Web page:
I don't think you can use cornmeal or polenta.
    Grits are made from hominy that has been soaked in lime. So I'm sure the consistancy and flavor would not be the same.

  4. I made these tonight to accompany some chicken and they were FABULOUS! I'm from the South and we never fixed grits like this, but it was so good. Thanks so much for posting the recipe. ~ Katie

  5. Katie, it means the world to me when someone takes the time to come back to tell me that they made and enjoyed a recipe from Deep South Dish! Most folks do the garlic cheese grits baked in the oven, but I prefer them this way!

  6. I love grits despite not being a native Southerner, but from being Italian, I grew up with creamy polenta which is the kissing 'yellow cornmeal' cousin of grits I fell in love with the creamiest of stone-ground cheesey grits down on the beach in SC somewhere and my love affair has never stopped. This one is getting printed and tried! Roz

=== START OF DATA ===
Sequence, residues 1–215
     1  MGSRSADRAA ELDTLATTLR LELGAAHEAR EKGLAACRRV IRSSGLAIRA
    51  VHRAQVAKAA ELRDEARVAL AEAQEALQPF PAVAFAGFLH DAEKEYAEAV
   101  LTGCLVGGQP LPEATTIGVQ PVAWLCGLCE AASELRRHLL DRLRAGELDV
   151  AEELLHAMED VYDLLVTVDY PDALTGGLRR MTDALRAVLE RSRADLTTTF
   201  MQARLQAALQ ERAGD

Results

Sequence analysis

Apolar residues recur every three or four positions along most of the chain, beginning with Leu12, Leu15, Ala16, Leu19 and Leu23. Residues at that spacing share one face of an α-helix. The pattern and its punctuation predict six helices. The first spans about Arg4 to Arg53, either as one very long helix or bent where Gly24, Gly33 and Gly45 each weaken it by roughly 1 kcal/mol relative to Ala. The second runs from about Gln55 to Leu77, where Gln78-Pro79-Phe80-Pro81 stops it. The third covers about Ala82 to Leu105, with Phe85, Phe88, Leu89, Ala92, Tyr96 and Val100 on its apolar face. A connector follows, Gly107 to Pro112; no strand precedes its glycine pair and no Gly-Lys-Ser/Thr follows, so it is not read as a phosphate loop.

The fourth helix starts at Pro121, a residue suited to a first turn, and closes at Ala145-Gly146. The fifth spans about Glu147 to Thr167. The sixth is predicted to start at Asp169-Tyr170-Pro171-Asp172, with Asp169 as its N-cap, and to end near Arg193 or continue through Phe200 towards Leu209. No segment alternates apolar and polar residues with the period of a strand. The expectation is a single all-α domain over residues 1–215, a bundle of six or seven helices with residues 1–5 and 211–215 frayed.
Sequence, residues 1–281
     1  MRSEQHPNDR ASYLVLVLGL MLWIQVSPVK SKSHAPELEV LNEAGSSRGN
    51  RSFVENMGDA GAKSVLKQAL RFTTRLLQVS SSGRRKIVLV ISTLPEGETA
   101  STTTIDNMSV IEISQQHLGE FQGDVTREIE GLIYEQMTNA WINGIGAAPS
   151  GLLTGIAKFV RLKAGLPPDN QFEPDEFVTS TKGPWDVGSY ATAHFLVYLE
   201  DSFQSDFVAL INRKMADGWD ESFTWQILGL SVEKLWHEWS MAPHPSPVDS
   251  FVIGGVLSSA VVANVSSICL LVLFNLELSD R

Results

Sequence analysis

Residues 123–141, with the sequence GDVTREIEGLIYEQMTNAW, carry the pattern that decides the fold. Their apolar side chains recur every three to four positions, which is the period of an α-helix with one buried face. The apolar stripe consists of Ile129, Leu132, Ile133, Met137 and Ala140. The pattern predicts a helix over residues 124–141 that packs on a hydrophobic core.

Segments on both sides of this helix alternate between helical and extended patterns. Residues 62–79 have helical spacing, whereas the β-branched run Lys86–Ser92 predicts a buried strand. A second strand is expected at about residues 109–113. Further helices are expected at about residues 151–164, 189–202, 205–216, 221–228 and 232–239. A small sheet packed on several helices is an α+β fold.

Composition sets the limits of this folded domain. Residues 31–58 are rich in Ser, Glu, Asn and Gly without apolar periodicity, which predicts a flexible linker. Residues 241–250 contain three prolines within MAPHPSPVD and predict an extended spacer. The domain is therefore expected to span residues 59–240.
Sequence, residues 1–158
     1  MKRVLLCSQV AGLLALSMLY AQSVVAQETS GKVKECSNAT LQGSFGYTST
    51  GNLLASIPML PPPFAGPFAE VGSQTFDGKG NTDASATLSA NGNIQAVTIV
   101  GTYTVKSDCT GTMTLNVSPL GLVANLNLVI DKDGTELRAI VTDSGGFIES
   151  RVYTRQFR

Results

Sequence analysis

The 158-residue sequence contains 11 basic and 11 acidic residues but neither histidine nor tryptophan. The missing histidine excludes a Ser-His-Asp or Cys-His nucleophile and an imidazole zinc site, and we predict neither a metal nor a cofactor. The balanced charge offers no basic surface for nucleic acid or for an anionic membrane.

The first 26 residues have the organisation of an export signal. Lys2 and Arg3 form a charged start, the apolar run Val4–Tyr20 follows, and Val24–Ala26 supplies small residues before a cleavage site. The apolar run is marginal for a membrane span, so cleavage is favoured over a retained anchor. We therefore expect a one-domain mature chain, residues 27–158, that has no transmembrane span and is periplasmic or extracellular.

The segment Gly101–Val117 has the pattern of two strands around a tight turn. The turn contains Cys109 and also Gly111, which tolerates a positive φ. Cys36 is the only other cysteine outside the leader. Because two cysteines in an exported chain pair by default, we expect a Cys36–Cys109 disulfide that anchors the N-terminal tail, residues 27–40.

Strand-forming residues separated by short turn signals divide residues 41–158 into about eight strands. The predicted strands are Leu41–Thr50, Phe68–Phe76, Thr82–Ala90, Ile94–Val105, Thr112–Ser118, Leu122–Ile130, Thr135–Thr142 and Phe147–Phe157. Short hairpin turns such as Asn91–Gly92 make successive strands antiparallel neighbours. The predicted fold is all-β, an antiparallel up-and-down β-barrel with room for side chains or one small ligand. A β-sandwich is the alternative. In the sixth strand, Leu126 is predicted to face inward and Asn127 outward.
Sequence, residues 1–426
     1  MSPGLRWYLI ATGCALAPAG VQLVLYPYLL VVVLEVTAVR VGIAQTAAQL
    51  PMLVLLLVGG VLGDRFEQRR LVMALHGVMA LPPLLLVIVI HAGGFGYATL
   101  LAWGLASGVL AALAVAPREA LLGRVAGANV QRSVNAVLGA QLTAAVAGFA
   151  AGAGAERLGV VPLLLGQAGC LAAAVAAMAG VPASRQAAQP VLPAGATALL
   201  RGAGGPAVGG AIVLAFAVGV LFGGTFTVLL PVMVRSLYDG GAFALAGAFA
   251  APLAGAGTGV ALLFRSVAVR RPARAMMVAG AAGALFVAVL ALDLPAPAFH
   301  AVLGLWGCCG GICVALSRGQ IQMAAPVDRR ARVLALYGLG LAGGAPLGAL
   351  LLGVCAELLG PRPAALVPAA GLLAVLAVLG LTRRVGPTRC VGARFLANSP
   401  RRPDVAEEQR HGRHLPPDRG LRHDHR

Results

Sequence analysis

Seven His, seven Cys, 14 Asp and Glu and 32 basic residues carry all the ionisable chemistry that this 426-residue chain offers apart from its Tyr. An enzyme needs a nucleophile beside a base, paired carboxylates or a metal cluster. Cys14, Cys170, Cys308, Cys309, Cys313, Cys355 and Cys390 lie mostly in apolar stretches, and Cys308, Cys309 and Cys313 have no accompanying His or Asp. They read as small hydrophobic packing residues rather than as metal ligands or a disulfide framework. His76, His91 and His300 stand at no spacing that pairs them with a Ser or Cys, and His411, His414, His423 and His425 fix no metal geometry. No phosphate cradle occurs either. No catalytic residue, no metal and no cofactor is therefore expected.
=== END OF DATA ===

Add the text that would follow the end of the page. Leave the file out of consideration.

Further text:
7. I'll tell you, I grew up eating grits and I never even heard of cheese grits 'til I was grown. I've still not tried them, but since your recipe seems so easy AND the garlic and cheese are added at the end, I could make up a pot and try it just one bowl to see if I like it or not without messing up the whole pot if we don't. Thank you so much.

    BTW you can use cornmeal, but it will not be grits it will be mush. Cornmeal mush was one of my days favorites. It was one of the first things I learned to cook. You just whisk the cornmeal into boiling water and keep on whisking until they are done. Not my favorite, I much more prefer grits. I mean whats not to like right?

  8. Oh My Goodness, Oh My Goodness ... this recipe is PURE south. AMAZINGLY creamy and good. I had it with Eggs in Purgatory on top and a side of artisian bread. I can't say just how good this recipe is. I DID add the bacon I used for the eggs in the grits & when I went to make it I didn't have quick grits but I did have instant, so, that's what I used. Still worked however I will be adding quick grits to my pantry. I feel like our family visited New Orleans : )

  9. So glad ya enjoyed it!! I'm a grits gal for sure, but these are super great for that eggs in purgatory recipe!

  10. I just made these for dinner and they were fantastic! I made them along with your Eggs in Purgatory recipe. I married a southern boy and he was thrilled with these grits! Thanks!

    (p.s. I think I favorited just about every recipe on this site! You're amazing!)